Especially since the recession hit, downtown San Diego has been a problem spot when it comes to filling retail spaces, with a vacancy rate far above the overall region’s rate of just over 5 percent.
According to the commercial brokerage firm Cushman & Wakefield, which put out a report on downtown retail in early August, there are signs of slow improvement. At the end of June, the downtown retail vacancy rate was 11.2 — down from the 12 percent seen at the end of 2010, which was the highest seen in the past decade.
Bill Shrader, a senior director in Cushman’s Urban Property Group, said the downtown retail market continues to be impacted by the lingering recession and consumer uncertainty, but there may have been a turning of the corner in the first half 2011.
Year-to-date downtown space absorption as of midyear was a positive 25,795 square feet, a significant improvement from the negative 46,212 square feet a year ago. At the recession peak of 2009, absorption was nearly negative 150,000 square feet — in other words, more space being vacated than filled.
The Gaslamp Quarter ended the first half with a negative 10,634 square feet of absorption, thanks largely to the closing of a 33,000-square-foot Borders bookstore. The Columbia neighborhood on the west end of Broadway had a negative 6,076 square feet of absorption, otherwise all other downtown districts had positive absorption.
Despite the Borders setback, the Gaslamp’s retail vacancy rate is still the second lowest downtown, at 6.4 percent. The lowest rate is Little Italy’s 4 percent, and the highest is the East Village’s 20.2 percent.
Corinna Gattasso, another urban property director with Cushman, said this translates overall into the first positive absorption the firm has seen downtown in two years. While soft-goods sales are still struggling, the past year has been good for restaurant operators, some taking advantage of lower rents to relocate or open new eateries.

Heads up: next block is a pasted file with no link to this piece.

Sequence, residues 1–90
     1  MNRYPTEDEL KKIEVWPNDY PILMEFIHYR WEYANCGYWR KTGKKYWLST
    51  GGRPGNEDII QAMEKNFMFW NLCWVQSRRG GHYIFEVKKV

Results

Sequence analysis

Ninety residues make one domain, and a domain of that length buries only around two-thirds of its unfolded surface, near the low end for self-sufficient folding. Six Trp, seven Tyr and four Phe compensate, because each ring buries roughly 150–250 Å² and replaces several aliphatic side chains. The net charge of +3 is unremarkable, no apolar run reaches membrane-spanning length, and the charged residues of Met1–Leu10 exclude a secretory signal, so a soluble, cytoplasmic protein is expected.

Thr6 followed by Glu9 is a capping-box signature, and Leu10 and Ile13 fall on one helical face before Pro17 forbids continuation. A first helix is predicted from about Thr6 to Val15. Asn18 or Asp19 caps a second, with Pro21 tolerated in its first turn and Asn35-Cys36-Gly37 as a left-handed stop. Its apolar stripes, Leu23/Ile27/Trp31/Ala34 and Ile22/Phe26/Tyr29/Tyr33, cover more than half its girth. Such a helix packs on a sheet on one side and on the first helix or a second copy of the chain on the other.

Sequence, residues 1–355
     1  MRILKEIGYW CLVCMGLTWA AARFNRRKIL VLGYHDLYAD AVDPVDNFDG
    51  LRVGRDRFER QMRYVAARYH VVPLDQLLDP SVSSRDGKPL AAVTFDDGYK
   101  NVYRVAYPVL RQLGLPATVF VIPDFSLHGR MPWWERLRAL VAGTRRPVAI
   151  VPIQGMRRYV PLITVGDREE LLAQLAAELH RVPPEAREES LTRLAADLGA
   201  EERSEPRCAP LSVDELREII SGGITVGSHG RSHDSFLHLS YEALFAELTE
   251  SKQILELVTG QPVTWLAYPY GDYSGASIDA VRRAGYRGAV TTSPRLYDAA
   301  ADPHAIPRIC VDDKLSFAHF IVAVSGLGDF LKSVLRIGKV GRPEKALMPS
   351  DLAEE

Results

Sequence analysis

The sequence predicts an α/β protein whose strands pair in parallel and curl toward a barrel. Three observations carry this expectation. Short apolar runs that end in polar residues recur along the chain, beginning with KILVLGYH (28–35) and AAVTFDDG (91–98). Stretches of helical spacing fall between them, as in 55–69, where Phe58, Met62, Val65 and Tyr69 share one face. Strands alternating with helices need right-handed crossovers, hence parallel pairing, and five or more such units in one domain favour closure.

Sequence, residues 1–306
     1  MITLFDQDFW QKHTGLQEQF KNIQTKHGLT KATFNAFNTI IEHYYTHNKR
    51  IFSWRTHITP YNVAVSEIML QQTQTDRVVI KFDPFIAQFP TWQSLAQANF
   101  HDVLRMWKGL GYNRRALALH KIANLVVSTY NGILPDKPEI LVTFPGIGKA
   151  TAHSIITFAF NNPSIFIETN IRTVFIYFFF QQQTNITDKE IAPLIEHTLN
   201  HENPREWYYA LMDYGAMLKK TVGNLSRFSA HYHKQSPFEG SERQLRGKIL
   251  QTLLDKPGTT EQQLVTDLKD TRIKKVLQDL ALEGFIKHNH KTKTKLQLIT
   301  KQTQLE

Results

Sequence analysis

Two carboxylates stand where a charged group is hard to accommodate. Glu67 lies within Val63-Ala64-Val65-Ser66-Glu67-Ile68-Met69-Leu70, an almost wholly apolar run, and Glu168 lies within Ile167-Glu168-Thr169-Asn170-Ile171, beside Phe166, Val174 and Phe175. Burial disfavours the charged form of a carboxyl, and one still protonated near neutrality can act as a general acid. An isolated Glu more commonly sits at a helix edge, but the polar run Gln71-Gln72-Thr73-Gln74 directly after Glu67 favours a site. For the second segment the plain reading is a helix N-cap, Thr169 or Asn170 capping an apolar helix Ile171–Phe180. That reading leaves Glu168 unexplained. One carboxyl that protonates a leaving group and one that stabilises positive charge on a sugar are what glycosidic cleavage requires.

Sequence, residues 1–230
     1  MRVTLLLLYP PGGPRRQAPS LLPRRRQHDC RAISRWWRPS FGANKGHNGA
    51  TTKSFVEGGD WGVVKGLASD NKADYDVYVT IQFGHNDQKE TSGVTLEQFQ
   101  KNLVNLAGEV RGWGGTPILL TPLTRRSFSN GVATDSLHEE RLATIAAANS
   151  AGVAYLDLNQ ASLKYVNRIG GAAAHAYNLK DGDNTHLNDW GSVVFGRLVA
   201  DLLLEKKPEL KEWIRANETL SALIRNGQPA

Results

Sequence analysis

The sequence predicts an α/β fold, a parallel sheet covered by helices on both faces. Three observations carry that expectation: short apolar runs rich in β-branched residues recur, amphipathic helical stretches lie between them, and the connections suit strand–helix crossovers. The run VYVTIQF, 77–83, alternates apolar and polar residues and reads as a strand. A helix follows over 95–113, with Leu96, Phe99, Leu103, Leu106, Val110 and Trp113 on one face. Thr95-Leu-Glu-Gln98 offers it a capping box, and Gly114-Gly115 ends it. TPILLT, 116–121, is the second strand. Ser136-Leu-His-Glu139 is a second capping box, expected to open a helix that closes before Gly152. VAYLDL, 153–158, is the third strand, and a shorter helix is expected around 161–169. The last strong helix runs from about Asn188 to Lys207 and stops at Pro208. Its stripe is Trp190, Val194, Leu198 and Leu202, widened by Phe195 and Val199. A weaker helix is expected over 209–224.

Downtown restaurant debuts and relocations this year have included Café Sevilla, Bub’s at the Ballpark, Marina Bagel, Smashburger and Bolilla Tortas.
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Local Firm in Deal Involving Grubb: San Diego-based real estate investment and management firm Sovereign Capital Management Group Inc. has purchased Daymark Realty Advisors Inc., a Santa Ana asset management company involved in a relatively specialized sector known as tenant-in-common properties.
The commercial real estate brokerage firm Grubb & Ellis Co., also based in Santa Ana, had operated Daymark as a wholly owned subsidiary since 2007, and sold it to Sovereign Capital in a deal that closed on Aug. 10.
Sovereign Capital partnered in the purchase with Infinity Urban Century, a New York City-based investment affiliate of Infinity Real Estate, according to written statements from both Sovereign Capital and Grubb & Ellis.
The sale involved the purchase of Daymark stock by the joint-venture entity. According to Grubb & Ellis’ filing with the Securities and Exchange Commission, the buyers agreed to make a cash payment of $500,000, and also assumed a balance of $10.7 million that Grubb owed to NNN Realty Advisors Inc., with which it merged in 2007. At the time, NNN was a subsidiary of Daymark.
The deal means the exit of Grubb & Ellis from the tenant-in-common business. The privately held Sovereign Capital Management Group was started in 1999 and is led by President and Chief Executive Officer Todd Mikles. It develops, manages and invests in multifamily, office, industrial and retail properties, from headquarters in downtown San Diego and five regional offices nationwide.
Send commercial real estate and development news of general local interest to Lou Hirsh via email at firstname.lastname@example.org. He can be reached at 858-277-8904.